After an open house for public input on cannabis production within the municipality, council, with no discussion, approved an extension to the interim control bylaw last week.
Two appeals have been lodged against the interim control, one from medical marijuana producer Tweed Farms, and one from representatives of an Airport Road property, where there is a plan for outdoor growth of the product.
The reason for the extension was to conduct further review of the research the Town has conducted, and to hold a public meeting to allow input from all stakeholders to ensure best practices are used to control the cultivation of cannabis.
The bylaw under discussion deals with air quality control, and imposes setbacks of 1,500 metres to sensitive land uses, including residential neighbourhoods.
Mark Stewart, a resident of St. Davids and a lawyer who said he was speaking on behalf of many concerned residents, said he, his wife and four adult children live within 1,500 metres of Canopy Growth’s Concession 5 operation, known as Tweed Farms.
He spoke of “bringing truth to the narrative,” focusing on the need for a strong bylaw to address odour emissions from cannabis cultivation.
In addition to losing more valuable tender fruit and grape farmland to cannabis production, he said, “the skunk stench will devastate the health and wellbeing of our local communities.” It will also damage the area as a destination for tourism, he added, reduce property values and “change the fabric of farming communities.”
He cited federal Regulation 85, reminding council that although the law states odour from cannabis production must be prevented from escaping, with strict compliance, there are licensed producers not complying with that regulation. Instead, there is talk about mitigating, deodorizing and masking odours, which is not what the law calls for, he said.
He asked council to ensure its bylaw enshrines the prevention of the escape of odours, pollen and dust from a building where cannabis is produced, packaged, labelled and stored. He also recommended the reference to sensitive land use be tightened and defined, with the 1,500-setback measured from property or lot lines, to avoid any argument about where a building or amenity is located on the property.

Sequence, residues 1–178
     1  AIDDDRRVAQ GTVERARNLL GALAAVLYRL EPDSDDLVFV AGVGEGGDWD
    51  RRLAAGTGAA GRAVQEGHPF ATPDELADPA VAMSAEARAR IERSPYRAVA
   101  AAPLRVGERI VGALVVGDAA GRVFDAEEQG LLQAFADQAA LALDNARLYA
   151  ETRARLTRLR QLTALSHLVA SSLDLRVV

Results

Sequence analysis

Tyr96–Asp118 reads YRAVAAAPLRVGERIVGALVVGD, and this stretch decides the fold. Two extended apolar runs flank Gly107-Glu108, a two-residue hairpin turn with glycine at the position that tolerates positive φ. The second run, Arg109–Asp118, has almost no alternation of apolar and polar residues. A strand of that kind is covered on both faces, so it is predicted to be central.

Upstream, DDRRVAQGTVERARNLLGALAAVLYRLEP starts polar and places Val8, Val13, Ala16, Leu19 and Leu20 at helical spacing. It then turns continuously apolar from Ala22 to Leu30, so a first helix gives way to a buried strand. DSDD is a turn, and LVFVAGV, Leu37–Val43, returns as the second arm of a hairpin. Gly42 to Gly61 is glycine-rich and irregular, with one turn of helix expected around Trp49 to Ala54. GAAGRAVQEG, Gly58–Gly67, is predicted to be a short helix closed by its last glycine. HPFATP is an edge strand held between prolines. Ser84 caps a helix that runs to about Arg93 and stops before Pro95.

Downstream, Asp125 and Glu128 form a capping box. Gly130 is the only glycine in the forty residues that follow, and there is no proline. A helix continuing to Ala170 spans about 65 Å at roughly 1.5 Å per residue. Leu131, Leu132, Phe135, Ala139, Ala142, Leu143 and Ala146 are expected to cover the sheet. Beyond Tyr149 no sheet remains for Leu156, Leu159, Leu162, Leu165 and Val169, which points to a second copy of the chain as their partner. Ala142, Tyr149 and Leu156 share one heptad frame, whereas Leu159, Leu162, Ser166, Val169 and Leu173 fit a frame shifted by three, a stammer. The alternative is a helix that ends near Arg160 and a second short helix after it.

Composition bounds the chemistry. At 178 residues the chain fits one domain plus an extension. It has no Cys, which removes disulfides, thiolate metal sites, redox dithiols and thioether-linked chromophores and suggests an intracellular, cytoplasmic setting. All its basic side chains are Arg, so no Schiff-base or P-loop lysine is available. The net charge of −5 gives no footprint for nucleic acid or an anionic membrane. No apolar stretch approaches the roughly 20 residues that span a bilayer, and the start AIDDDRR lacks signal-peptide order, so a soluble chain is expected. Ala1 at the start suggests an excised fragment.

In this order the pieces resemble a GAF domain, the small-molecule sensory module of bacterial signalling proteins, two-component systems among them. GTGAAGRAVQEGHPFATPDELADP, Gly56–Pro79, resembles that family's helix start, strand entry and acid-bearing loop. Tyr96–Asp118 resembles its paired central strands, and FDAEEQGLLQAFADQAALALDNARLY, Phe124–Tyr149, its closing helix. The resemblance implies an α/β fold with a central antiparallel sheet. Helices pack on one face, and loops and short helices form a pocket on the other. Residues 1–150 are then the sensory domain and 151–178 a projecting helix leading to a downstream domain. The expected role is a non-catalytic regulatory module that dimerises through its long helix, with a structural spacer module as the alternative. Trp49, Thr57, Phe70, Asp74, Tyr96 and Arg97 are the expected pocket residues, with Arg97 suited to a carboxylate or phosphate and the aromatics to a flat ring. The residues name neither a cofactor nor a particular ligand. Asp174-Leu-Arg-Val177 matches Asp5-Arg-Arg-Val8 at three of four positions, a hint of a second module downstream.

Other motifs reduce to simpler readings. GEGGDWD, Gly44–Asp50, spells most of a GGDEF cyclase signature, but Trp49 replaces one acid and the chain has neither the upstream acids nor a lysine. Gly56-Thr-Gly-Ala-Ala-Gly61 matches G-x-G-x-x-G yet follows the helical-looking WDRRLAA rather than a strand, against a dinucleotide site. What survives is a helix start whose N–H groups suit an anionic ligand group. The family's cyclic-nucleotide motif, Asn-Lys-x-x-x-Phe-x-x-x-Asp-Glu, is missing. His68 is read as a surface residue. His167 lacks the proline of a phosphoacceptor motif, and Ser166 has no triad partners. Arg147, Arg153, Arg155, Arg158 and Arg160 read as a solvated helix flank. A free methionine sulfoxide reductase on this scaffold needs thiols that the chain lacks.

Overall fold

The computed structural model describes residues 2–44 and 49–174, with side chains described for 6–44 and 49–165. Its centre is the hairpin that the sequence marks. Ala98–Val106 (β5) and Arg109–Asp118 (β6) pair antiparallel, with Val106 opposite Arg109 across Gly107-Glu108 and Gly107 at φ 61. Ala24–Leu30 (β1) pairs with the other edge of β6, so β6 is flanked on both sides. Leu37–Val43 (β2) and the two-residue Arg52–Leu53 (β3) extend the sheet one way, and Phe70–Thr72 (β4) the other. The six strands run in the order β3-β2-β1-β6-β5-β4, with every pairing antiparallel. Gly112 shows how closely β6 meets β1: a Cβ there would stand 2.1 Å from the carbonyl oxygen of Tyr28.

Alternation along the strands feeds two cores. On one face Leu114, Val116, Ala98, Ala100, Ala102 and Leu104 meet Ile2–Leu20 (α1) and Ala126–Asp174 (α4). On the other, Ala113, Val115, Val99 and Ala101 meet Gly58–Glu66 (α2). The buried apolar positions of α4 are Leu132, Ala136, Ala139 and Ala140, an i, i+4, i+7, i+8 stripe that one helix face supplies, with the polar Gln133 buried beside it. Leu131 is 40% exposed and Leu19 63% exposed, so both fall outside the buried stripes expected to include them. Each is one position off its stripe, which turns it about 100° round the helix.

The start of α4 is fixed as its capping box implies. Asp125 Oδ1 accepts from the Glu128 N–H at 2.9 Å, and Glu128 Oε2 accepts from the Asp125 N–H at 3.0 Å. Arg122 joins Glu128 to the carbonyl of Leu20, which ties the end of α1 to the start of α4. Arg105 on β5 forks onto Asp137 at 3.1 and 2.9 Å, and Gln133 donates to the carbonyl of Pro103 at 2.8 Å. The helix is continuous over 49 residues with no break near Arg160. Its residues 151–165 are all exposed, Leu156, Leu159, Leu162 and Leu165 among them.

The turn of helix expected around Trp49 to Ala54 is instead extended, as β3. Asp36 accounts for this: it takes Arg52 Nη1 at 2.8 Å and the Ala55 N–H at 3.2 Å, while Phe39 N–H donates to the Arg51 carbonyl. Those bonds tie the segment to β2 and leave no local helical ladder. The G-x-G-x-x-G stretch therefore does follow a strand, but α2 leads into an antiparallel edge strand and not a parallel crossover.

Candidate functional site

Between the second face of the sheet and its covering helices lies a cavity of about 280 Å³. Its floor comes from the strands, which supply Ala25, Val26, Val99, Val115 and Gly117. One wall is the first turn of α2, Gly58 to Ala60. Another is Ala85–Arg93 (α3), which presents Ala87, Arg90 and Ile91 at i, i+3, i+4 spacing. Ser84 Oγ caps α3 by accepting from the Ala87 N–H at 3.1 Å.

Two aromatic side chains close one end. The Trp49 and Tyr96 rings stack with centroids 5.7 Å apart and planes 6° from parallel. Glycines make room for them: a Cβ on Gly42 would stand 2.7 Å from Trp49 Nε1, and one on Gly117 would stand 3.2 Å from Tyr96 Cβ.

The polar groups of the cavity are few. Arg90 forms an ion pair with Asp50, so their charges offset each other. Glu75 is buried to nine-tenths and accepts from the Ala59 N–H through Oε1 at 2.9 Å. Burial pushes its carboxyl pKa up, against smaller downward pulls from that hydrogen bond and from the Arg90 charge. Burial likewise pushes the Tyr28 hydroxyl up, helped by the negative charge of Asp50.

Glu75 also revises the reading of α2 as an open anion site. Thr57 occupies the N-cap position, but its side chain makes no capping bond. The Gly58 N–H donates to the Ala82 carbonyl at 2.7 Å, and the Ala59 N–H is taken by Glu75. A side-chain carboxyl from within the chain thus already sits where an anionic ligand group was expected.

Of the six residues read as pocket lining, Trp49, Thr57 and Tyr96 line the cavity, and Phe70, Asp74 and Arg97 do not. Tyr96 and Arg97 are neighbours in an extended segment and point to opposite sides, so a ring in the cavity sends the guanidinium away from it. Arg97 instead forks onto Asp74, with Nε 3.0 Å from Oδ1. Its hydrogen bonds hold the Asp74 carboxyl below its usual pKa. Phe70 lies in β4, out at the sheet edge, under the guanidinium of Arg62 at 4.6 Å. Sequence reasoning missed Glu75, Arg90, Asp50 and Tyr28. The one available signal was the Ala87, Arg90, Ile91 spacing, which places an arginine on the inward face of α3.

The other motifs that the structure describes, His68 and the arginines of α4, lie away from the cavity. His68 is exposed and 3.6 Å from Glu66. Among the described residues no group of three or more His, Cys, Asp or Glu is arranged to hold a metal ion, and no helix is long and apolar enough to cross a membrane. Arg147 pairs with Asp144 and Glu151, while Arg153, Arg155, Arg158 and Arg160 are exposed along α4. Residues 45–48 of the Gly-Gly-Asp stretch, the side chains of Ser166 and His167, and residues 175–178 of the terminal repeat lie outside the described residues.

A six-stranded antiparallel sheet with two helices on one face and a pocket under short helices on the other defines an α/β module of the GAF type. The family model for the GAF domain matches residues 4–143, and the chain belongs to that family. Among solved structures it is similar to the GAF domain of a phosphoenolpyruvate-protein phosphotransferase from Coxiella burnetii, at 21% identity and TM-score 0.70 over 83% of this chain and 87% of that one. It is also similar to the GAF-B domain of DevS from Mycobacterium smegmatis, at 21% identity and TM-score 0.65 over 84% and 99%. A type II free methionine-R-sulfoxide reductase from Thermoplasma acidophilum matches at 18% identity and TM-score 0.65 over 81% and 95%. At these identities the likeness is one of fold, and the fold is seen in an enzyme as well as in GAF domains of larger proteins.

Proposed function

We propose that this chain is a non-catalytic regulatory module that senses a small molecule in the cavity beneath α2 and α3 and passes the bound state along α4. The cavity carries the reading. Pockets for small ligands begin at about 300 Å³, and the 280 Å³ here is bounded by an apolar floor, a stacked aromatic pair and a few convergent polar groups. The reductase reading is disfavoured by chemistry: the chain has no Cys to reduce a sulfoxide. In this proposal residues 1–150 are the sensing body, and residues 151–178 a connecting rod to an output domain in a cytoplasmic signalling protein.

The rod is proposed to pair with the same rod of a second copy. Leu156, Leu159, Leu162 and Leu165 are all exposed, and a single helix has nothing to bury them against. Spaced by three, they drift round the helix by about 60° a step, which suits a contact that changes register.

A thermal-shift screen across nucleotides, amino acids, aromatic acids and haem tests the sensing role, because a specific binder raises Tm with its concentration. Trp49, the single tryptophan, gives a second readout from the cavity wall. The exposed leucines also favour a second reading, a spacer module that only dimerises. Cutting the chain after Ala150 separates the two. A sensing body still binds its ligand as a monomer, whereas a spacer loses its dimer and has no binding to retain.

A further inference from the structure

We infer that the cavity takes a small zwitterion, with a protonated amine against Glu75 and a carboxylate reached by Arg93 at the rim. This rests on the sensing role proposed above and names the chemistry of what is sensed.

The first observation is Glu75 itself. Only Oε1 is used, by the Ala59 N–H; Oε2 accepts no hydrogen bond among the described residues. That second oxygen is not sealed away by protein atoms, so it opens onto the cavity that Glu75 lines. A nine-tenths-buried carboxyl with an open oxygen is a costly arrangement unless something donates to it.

Stewart assured council they would have the backing of residents if a tough bylaw is challenged, possibly including crowd-funding to assist with legal costs in the event of a challenge from cannabis producers.
Nicholas Dell, representing the owners of the Airport Road property, repeated some of the information he presented to council this summer, saying outdoor production has less of an impact on neighbours than growing cannabis in greenhouses.
Tweed Farms’ appeal says there is no “bonafide review” underway, which is a condition of an interim control bylaw, and that the bylaw is not based on legitimate land use reasons.
Tweed also states the extension to the control bylaw seeks to regulate cannabis, which is outside the jurisdiction of a municipality and wholly within the jurisdiction of the federal government. It says no municipality is allowed to pass a bylaw restricting normal farm practices, and growing cannabis, it says, is normal farming practice.
The second appeal, from the company that hopes to grow cannabis outdoors on an Airport Road property, says council “overstepped its jurisdiction” in getting into an examination of cannabis-related land uses. Growing cannabis, it says, is no different than growing tender fruits or soybeans, on agriculturally designated property.
The Town’s response is that the interim control bylaw is consistent with provincial policy, and conforms with all relevant provincial plans and all applicable official plans. That was all that was said at last week’s meeting before the approval of extension of the bylaw.
Following the meeting last week, staff will use the input to formulate a report for council on a bylaw controlling cannabis production.